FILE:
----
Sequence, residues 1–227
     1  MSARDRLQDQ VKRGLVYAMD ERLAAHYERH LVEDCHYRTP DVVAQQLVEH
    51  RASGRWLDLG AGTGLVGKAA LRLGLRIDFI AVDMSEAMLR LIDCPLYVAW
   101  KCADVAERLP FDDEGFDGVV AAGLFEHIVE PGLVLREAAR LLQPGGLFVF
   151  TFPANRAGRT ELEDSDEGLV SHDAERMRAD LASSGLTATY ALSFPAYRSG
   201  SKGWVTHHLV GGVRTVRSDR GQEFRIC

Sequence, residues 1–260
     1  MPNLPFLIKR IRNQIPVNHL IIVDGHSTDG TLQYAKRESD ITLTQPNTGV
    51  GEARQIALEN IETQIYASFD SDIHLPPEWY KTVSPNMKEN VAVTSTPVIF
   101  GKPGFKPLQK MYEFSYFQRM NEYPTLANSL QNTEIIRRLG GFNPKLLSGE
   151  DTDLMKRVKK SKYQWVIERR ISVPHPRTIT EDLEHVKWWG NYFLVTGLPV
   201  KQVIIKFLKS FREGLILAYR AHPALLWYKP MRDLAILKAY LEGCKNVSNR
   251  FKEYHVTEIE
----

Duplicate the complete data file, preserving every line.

Sequence, residues 1–227
     1  MSARDRLQDQ VKRGLVYAMD ERLAAHYERH LVEDCHYRTP DVVAQQLVEH
    51  RASGRWLDLG AGTGLVGKAA LRLGLRIDFI AVDMSEAMLR LIDCPLYVAW
   101  KCADVAERLP FDDEGFDGVV AAGLFEHIVE PGLVLREAAR LLQPGGLFVF
   151  TFPANRAGRT ELEDSDEGLV SHDAERMRAD LASSGLTATY ALSFPAYRSG
   201  SKGWVTHHLV GGVRTVRSDR GQEFRIC

Sequence, residues 1–260
     1  MPNLPFLIKR IRNQIPVNHL IIVDGHSTDG TLQYAKRESD ITLTQPNTGV
    51  GEARQIALEN IETQIYASFD SDIHLPPEWY KTVSPNMKEN VAVTSTPVIF
   101  GKPGFKPLQK MYEFSYFQRM NEYPTLANSL QNTEIIRRLG GFNPKLLSGE
   151  DTDLMKRVKK SKYQWVIERR ISVPHPRTIT EDLEHVKWWG NYFLVTGLPV
   201  KQVIIKFLKS FREGLILAYR AHPALLWYKP MRDLAILKAY LEGCKNVSNR
   251  FKEYHVTEIE